Wednesday, December 12, 2012

Thoughts on the Common Core Standards: English Edition

There's been a lot of chatter about the new Common Core Standards. We have a set for English and a set for mathematics. As a math teacher who writes novels, I have thoughts about both, but I'll focus on the English standards for this post.

The big attention-getter for these new standards is that it calls for more reading of informational, non-fiction texts, going from 50% of reading material in elementary school and gradually increasing to 70% in high school.

That's where the chatter comes in. Many are upset about the units on classic literature, beloved favorites, and poetry getting cut from the curriculum, as noted in articles here and here.

I have thoughts on both sides of this. I've seen personally that students are definitely lacking in their ability to read text for factual information, to reason through technical material. I agree that more focus on developing these types of reading skills is necessary.

I also agree that nurturing a love of reading for pleasure is important. Reading fiction has boundless benefits, especially for children and teenagers.

I've heard some say that technical reading is for science class. Basically, let the science teachers handle all that, along with the social studies teachers for historical documents. Leave the English teachers to focus exclusively on the fiction side.

On the other side, content area teachers say they don't teach reading and writing—that's the English teacher's job.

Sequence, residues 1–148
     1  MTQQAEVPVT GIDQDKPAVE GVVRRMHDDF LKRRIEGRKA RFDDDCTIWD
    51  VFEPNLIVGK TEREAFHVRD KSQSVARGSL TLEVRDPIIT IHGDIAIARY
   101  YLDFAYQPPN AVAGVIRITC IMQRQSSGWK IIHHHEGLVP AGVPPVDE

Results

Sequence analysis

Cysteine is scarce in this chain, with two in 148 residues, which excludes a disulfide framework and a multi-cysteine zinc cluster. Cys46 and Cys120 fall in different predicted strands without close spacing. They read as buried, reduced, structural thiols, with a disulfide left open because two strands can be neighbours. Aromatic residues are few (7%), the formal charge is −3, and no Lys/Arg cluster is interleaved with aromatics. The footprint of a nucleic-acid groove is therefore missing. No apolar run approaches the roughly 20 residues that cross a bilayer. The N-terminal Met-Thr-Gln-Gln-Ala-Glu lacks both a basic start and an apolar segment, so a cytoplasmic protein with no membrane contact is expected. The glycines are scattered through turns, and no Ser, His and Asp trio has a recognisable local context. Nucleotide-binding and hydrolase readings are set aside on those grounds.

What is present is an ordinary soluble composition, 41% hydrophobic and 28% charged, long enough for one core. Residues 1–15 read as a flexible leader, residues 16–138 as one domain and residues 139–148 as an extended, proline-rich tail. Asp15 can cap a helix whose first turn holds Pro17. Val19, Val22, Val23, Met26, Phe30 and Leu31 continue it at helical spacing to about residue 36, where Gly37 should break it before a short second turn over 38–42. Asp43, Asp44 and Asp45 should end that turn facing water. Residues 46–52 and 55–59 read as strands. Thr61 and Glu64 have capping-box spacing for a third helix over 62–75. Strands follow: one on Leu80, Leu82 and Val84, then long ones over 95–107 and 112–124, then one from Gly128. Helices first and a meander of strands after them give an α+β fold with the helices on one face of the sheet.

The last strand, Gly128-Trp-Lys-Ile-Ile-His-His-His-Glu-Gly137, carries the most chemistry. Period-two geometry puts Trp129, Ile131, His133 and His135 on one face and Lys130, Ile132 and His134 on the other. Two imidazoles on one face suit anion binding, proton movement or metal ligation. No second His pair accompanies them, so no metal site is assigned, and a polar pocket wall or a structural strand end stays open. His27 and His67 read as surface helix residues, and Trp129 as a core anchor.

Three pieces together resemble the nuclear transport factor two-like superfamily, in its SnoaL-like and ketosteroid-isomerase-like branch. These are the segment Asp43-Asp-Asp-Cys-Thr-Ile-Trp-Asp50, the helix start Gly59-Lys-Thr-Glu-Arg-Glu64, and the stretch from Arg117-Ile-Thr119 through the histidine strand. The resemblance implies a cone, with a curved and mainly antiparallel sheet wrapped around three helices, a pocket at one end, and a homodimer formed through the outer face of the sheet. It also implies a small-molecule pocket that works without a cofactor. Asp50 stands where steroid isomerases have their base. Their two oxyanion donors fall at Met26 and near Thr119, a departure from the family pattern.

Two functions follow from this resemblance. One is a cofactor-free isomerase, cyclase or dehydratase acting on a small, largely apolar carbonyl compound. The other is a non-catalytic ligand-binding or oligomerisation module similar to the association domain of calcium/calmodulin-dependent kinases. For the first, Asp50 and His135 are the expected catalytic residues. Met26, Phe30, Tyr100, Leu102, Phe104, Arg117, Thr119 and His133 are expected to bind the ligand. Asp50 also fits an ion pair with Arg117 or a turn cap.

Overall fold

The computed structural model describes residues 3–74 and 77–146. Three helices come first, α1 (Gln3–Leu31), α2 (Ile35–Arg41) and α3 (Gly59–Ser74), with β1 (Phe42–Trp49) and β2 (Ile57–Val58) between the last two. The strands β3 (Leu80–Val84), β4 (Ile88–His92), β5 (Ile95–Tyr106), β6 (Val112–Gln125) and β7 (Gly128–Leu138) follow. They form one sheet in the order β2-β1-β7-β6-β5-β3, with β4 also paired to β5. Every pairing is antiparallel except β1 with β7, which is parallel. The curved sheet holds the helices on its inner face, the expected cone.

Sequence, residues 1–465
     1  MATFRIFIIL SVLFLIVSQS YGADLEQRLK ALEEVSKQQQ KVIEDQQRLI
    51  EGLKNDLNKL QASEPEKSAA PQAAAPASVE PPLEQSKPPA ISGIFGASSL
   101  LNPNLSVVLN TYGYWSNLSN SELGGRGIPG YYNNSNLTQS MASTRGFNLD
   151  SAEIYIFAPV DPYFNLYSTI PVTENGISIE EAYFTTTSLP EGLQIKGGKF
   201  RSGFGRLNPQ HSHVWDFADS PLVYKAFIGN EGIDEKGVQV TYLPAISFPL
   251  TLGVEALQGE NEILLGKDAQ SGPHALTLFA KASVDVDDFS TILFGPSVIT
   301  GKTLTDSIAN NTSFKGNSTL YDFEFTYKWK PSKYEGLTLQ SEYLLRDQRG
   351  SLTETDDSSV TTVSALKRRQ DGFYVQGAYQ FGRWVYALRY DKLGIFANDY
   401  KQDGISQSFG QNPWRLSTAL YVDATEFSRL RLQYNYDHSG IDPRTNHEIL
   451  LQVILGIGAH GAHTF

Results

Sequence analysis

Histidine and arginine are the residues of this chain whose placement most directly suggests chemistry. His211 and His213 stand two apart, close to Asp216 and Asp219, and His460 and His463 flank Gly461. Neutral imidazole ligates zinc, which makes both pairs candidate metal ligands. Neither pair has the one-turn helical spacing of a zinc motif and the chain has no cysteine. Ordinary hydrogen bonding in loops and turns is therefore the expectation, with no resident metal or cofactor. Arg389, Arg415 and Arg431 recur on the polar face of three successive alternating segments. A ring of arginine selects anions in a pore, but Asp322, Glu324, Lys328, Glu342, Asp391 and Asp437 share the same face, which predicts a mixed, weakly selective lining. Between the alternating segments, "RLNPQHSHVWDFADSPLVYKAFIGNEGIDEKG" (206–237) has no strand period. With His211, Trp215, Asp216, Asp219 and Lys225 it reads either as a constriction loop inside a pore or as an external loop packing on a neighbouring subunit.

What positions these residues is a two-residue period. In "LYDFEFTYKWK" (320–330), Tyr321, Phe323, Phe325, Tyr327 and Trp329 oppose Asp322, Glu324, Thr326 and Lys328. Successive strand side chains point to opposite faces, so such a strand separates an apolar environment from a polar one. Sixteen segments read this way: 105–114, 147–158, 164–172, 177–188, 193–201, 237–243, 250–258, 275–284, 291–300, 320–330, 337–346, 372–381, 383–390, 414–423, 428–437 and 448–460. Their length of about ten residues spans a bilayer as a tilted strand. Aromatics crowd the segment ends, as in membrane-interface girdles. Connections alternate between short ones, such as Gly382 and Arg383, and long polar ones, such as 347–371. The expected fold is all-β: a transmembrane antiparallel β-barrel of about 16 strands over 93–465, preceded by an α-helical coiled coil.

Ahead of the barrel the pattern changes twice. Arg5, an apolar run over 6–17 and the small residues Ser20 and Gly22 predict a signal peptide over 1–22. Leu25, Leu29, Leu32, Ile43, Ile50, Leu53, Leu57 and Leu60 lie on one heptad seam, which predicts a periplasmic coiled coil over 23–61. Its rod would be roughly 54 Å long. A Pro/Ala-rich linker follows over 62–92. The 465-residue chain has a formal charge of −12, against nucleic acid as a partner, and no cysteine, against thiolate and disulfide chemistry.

Which side do I fall on? Both, or neither.

From my time working in a school for the deaf, I have it ingrained in me that all teachers are language arts teachers. We don't all cover all aspects of language equally, but we all have parts we can build up, develop, and reinforce. I see no reason that shouldn't carry over to non-deaf education.

At the same time, English teachers are in more of a position to focus deeply on the nuances of non-fiction, informational writing without splitting as much attention with the concepts and other skills to be mastered. They also have more training in the teaching of reading and writing.

So ideally, a balance between both. Teachers brainstorming about texts that fit within their curricula, including English class. Working together. Supporting each other.

As much as I love fiction, it's not the be-all, end-all.

As much as I love math and science, they're not the be-all, end-all.

So my first step? Try to open some dialogue with the English teachers at my school ... because without Twitter, I wouldn't have even known as much as I do about these new standards.

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